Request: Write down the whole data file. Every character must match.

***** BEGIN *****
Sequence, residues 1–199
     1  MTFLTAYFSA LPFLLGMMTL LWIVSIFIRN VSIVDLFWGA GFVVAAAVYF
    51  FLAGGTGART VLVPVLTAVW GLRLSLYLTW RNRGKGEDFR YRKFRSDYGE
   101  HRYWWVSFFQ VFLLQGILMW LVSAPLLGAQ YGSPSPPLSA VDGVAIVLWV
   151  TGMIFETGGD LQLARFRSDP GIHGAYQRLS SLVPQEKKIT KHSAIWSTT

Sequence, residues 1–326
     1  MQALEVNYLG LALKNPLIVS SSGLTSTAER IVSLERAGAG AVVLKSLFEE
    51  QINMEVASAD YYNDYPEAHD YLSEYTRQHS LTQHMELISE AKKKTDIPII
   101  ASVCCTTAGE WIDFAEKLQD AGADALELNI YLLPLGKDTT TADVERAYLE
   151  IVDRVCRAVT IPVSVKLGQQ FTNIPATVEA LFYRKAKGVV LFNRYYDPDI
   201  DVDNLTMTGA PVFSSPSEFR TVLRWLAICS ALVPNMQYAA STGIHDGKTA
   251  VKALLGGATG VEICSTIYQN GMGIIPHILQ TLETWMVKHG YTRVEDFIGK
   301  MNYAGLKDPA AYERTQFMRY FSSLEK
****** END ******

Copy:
Sequence, residues 1–199
     1  MTFLTAYFSA LPFLLGMMTL LWIVSIFIRN VSIVDLFWGA GFVVAAAVYF
    51  FLAGGTGART VLVPVLTAVW GLRLSLYLTW RNRGKGEDFR YRKFRSDYGE
   101  HRYWWVSFFQ VFLLQGILMW LVSAPLLGAQ YGSPSPPLSA VDGVAIVLWV
   151  TGMIFETGGD LQLARFRSDP GIHGAYQRLS SLVPQEKKIT KHSAIWSTT

Sequence, residues 1–326
     1  MQALEVNYLG LALKNPLIVS SSGLTSTAER IVSLERAGAG AVVLKSLFEE
    51  QINMEVASAD YYNDYPEAHD YLSEYTRQHS LTQHMELISE AKKKTDIPII
   101  ASVCCTTAGE WIDFAEKLQD AGADALELNI YLLPLGKDTT TADVERAYLE
   151  IVDRVCRAVT IPVSVKLGQQ FTNIPATVEA LFYRKAKGVV LFNRYYDPDI
   201  DVDNLTMTGA PVFSSPSEFR TVLRWLAICS ALVPNMQYAA STGIHDGKTA
   251  VKALLGGATG VEICSTIYQN GMGIIPHILQ TLETWMVKHG YTRVEDFIGK
   301  MNYAGLKDPA AYERTQFMRY FSSLEK